We know that all industries have their acronyms and shorthand descriptions; the global payments business is no exception. At times any conversation about our industry feels like diving into a bowl of alphabet soup: EU, EEA, MTL, MTO, FCA, PSD, OCC, CPPA, and on and on. I’ll take a moment to tackle the most relevant items pertinent to this topic.

PSD: The original Payment Services Directive established an EU-wide legal framework for payment services. Its main objective has been to increase competition and facilitate market entry for non-bank providers of financial services

PSD2: As an offspring to the original, the objective of this regulation (and its most controversial section) forces banks to openly share their customer data with fintechs and other non-bank service providers. It remains to be seen the level of cooperation that will accrue from this groundbreaking law.

GDPR: The General Data Protection Regimen is a set of broad requirements about the handling of individuals’ personal data in the EU. It affects any entity that offers goods or services to any person residing in the EU. Not only are EU-based companies impacted, but also any US company whose business deals with EU citizens.

CCPA: The US does not have any such privacy law, but we have one state—California—that has passed legislation similar to GDPR and takes effect January 1, 2020. It is unclear if other states will follow.

OCC: The Office of the Comptroller of the Currency is a Federal agency that plans to begin accepting applications from non-fintech firms that would allow them a charter to operate nationally, thus pre-empting the current state by state licensing regimen that has been operating for years.

DLT: Distributed Ledger Technology or Blockchain as its commonly known. For purposes of this paper we’ll talk about its most common manifestation: Crypto currency. For deeper knowledge of DLT, you will need to consult other sources—I am not an expert!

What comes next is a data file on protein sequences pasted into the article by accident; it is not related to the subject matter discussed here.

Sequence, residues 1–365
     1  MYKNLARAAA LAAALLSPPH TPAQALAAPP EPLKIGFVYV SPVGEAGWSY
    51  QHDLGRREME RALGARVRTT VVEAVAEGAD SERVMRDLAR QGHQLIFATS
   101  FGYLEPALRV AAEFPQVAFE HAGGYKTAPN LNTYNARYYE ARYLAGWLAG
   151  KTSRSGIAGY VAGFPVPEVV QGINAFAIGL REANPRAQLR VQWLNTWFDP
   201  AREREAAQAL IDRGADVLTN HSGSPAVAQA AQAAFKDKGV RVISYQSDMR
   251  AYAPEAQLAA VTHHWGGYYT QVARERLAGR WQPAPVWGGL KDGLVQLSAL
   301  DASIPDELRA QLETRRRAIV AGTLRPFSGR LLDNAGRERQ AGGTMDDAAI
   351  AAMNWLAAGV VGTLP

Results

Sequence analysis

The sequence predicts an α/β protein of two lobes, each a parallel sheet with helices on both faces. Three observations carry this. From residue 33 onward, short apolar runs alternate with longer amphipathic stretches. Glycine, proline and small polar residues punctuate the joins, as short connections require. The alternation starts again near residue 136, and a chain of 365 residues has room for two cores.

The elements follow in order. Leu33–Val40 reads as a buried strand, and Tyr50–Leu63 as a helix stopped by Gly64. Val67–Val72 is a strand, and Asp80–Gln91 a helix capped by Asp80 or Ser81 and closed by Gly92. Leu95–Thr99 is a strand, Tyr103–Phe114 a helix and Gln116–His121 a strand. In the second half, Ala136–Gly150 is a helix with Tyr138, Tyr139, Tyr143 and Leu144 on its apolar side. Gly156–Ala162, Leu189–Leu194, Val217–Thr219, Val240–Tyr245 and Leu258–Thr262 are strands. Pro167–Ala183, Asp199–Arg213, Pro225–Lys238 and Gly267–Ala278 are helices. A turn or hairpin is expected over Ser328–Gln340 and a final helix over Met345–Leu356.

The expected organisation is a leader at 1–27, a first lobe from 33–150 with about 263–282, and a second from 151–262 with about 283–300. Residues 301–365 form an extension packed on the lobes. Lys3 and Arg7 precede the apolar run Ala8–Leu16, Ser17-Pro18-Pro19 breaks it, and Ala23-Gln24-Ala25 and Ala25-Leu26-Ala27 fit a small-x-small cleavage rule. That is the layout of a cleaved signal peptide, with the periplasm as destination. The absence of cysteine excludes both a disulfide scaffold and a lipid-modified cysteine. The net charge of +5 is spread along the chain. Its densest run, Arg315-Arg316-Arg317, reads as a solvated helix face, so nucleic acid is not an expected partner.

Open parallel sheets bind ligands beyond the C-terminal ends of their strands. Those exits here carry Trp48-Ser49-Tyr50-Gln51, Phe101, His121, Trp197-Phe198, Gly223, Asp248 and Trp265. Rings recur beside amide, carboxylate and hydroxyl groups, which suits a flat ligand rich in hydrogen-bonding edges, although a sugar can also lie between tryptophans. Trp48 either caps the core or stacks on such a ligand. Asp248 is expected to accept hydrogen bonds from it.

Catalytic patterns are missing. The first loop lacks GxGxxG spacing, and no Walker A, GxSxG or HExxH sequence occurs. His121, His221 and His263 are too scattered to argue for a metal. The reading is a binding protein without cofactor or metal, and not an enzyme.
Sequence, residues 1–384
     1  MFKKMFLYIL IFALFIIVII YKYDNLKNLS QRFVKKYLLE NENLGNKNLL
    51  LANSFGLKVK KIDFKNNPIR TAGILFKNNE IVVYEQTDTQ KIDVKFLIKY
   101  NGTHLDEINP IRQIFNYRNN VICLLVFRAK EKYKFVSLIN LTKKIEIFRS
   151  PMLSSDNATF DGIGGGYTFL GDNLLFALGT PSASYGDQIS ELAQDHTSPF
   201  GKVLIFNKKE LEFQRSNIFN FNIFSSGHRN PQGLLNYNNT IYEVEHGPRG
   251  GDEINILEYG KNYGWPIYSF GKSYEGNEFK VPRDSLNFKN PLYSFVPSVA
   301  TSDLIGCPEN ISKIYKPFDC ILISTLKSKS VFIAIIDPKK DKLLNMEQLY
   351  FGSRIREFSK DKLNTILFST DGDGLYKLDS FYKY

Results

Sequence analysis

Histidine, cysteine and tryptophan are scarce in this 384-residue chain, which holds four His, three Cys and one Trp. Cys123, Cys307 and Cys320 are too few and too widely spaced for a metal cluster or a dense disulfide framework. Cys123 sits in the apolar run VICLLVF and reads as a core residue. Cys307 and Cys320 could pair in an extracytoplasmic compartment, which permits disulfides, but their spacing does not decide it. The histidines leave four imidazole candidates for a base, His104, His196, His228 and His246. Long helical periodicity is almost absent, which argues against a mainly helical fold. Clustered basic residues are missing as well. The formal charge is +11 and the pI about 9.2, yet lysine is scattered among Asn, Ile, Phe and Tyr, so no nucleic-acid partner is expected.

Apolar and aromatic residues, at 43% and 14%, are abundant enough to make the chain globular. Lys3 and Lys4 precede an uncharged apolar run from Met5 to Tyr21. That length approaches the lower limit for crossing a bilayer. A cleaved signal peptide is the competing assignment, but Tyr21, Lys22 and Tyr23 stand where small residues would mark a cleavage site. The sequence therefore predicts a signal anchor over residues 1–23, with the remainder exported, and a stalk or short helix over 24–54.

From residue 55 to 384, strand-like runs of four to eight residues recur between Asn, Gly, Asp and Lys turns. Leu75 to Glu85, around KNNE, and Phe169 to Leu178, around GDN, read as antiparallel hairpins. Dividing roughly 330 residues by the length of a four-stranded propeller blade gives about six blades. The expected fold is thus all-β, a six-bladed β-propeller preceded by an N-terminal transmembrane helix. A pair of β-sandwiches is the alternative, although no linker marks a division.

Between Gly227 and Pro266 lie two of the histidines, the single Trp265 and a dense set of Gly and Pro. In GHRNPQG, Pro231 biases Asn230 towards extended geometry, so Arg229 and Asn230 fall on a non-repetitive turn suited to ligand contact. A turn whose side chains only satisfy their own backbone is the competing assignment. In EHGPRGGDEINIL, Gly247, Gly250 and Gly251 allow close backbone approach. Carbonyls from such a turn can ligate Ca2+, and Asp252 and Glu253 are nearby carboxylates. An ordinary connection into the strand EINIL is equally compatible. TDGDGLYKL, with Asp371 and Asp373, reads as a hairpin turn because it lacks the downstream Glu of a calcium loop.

Sandboxes: Obviously, this term is not a jumble of letters, but still quite relevant to the regulatory discussion. Regulators throughout the world, including the UK/Eurozone--but sadly not the US—have established low-risk opportunities for fintech firms to market their offerings on a small scale, in effect to test the customer demand without the large expenditure of time, effort and money required to enter the marketplace. The US is particularly daunting for startup fintechs; although eight nations currently offer programs and several more are under consideration, the US lags behind.

In summary, I left the conference with four key observations comparing the regulatory environment in the US vs. the UK/Eurozone:

1.      GDPR does not exist currently in the US, except for the California law effective in a little more than a year, but US payment firms who operate in Europe are very much affected. They must comply or be cited for violations resulting in fines or censure. We’ll see if the US follows suit via more state legislation.

2.      Passporting is a beautiful concept which has greatly benefited UK and European firms, but still does not exist in the US, with 50 unique jurisdictions. An initiative exists to harmonize state by state regulations (so called “Vision 2020”), but it is unclear if the goal will be attained.

3.      Crypto currency firms operate mostly unregulated in the UK and Europe, whereas approximately 50% of the states require licensure depending on the Digital currency model. No doubt, the EU and UK continue to examine potential controls; likewise, various state legislatures will tackle this in their 2019 sessions

4.      Sandboxes exist in Europe, but sadly only 1 US jurisdiction (Arizona) has enacted this progressive and promising policy. Globally, 7-8 countries have national support with several more under consideration. The US is missing an opportunity to encourage fintech innovation by not moving aggressively.

Each of these items deserve and will receive more analysis from all sides of the discussion. What remains to be seen is to what degree the US might mirror some of the regulatory changes and challenges that exist in the UK and Eurozone over the next 2-3 years. Stay tuned….

{Many thanks to my panelists for their professional insight and to the law firm of Dykema Gossett PLLC for use of presentation segments describing the various terms used in this paper. Further appreciation goes to Mohit Davar, IAMTN Chair and Veronica Studsgaard, IAMTN Founder and CEO for providing the opportunity to moderate}.


Rob Ayers